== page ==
Florida Hospital visited several local elementary schools last month to celebrate the kickoff of the American Diabetes Association’s Morning Mile program.
Florida Hospital introduced this before-school walking/running program to encourage children to start each day in an active way, reducing their risk of developing chronic diseases and helping them develop good exercise habits that will carry into adulthood.
In 2017, Florida Hospital introduced this program to Citrus Grove Elementary School in DeLand, Orange City Elementary School in Orange City, Burns Science and Technology Charter School in Oak Hill, R.J. Longstreet Elementary School in Daytona Beach, and Rymfire Elementary School in Palm Coast. This event was the second-annual kickoff celebration.
“On a national level, childhood obesity has reached epidemic proportions. Within Florida, one in four children are overweight and at risk for developing serious health problems, such as Type 2 diabetes, asthma, and even heart failure,” said David Ottati, president and chief executive officer of Adventist Health System’s Central Florida Division-North Region, which includes the Florida Hospitals located in Volusia, Flagler and Lake counties. “As a response to this community need, Florida Hospital partnered with local schools to launch the American Diabetes Association’s Morning Mile program as a positive and healthy way for students to start their day. Not only does it help set them on a healthier track, but it also helps in the classroom. The students come to class ready to learn, and they are better able to focus.”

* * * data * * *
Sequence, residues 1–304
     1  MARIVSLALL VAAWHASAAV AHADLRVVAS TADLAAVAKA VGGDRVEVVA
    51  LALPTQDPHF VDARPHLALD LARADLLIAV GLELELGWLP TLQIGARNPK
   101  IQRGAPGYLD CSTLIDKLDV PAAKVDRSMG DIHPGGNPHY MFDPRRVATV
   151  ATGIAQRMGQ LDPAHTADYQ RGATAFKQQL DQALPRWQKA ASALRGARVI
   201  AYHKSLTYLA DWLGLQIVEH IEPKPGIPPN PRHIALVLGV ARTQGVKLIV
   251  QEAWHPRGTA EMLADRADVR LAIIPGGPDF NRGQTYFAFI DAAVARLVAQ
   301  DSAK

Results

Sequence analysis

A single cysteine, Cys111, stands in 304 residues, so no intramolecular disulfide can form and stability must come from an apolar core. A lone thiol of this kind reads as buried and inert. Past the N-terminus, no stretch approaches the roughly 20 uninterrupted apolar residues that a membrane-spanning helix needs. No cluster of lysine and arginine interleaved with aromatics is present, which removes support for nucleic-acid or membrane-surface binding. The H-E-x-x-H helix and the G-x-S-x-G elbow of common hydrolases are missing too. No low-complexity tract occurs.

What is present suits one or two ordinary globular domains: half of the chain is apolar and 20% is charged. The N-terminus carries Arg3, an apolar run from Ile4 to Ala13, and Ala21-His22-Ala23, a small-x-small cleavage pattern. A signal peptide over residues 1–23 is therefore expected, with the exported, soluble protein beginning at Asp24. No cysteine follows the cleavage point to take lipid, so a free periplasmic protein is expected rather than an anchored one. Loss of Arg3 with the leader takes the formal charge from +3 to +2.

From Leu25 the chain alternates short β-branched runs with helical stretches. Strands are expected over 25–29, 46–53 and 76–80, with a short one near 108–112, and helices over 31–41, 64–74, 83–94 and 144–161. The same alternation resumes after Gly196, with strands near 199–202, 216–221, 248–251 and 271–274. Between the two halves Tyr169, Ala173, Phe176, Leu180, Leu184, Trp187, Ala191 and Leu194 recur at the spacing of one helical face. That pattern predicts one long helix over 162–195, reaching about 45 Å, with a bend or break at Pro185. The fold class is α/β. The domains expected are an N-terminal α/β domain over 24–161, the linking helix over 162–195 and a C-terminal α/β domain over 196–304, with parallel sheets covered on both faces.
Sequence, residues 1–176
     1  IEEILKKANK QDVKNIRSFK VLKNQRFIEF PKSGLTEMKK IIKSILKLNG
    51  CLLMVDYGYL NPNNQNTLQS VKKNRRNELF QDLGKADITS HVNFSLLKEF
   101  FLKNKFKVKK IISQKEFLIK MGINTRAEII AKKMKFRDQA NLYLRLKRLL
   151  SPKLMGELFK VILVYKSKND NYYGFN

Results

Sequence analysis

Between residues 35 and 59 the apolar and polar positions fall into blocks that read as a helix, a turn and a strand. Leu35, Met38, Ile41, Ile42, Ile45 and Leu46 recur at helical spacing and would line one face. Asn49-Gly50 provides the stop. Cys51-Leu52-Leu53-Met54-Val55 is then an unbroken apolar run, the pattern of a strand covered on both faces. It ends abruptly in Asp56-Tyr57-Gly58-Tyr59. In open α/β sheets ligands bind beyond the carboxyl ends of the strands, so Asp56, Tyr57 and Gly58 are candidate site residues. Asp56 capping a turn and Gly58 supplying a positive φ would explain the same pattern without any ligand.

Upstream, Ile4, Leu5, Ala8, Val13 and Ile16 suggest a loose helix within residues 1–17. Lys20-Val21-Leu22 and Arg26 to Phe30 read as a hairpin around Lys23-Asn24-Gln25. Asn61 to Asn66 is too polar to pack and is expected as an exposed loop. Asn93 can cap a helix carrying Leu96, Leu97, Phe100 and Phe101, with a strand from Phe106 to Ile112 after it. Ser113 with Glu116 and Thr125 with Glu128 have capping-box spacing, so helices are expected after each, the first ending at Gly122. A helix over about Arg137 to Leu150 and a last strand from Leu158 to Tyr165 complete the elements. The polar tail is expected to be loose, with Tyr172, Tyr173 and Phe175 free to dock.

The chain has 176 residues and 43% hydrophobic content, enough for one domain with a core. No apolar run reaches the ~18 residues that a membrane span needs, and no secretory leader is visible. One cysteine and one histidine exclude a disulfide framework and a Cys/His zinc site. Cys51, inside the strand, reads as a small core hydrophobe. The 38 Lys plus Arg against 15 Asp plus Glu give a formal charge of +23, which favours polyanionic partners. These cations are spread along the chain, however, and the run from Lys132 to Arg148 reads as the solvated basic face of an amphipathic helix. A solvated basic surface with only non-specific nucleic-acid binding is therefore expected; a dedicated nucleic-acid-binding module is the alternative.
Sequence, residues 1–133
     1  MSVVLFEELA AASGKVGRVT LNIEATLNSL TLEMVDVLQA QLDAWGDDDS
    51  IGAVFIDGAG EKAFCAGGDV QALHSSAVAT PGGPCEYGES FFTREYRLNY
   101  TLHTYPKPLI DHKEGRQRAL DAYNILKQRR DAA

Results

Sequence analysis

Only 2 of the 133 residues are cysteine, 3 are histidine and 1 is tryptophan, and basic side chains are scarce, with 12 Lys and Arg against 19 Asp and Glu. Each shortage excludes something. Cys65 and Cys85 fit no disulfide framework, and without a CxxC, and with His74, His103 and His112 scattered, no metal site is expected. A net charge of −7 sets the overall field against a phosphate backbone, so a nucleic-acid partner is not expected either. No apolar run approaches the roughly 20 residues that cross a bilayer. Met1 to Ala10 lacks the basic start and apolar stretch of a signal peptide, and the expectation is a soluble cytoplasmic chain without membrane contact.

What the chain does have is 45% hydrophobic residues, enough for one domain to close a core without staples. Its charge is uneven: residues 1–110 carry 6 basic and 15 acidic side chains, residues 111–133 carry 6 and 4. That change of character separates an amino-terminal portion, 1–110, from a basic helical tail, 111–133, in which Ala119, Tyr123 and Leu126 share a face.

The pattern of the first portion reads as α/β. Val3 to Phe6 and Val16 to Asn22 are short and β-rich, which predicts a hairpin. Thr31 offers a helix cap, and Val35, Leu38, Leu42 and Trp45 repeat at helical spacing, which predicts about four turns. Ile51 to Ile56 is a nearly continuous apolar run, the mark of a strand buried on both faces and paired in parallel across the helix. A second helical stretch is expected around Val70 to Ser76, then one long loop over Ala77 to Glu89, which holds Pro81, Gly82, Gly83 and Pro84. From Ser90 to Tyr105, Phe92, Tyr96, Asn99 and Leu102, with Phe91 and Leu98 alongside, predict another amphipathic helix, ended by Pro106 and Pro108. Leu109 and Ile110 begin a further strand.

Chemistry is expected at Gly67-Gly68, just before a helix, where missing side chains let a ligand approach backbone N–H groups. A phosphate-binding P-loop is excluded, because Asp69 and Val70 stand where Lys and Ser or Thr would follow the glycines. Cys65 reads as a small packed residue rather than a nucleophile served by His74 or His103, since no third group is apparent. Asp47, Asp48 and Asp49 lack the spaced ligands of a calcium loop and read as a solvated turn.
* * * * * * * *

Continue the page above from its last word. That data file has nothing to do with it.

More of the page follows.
The Morning Mile offers a pressure-free and friendly environment, which ensures children of all ages and abilities can pursue fitness.
“As soon as the children start moving, you can hear them laughing and encouraging each other,” said Ottati. “It is uplifting when you see the children take off running, knowing that they are taking steps toward a healthier future.”
Beyond Volusia and Flagler counties, the Morning Mile is now in 350 schools in 20 states and several countries.
Florida Hospital’s parent company, Adventist Health System, has announced that it will soon change its name to AdventHealth. Based in Altamonte Springs, Adventist Health System is one of the nation’s largest faith-based health care systems, with nearly 50 hospital campuses in nine states and more than 80,000 employees.
As of Jan. 2, 2019, the Florida Hospitals in Lake, Flagler and Volusia counties will adopt the AdventHealth name and logo. This name change is not the result of a merger, acquisition or change in ownership, but part of the company’s efforts to help consumers easily identify AdventHealth’s care locations and services.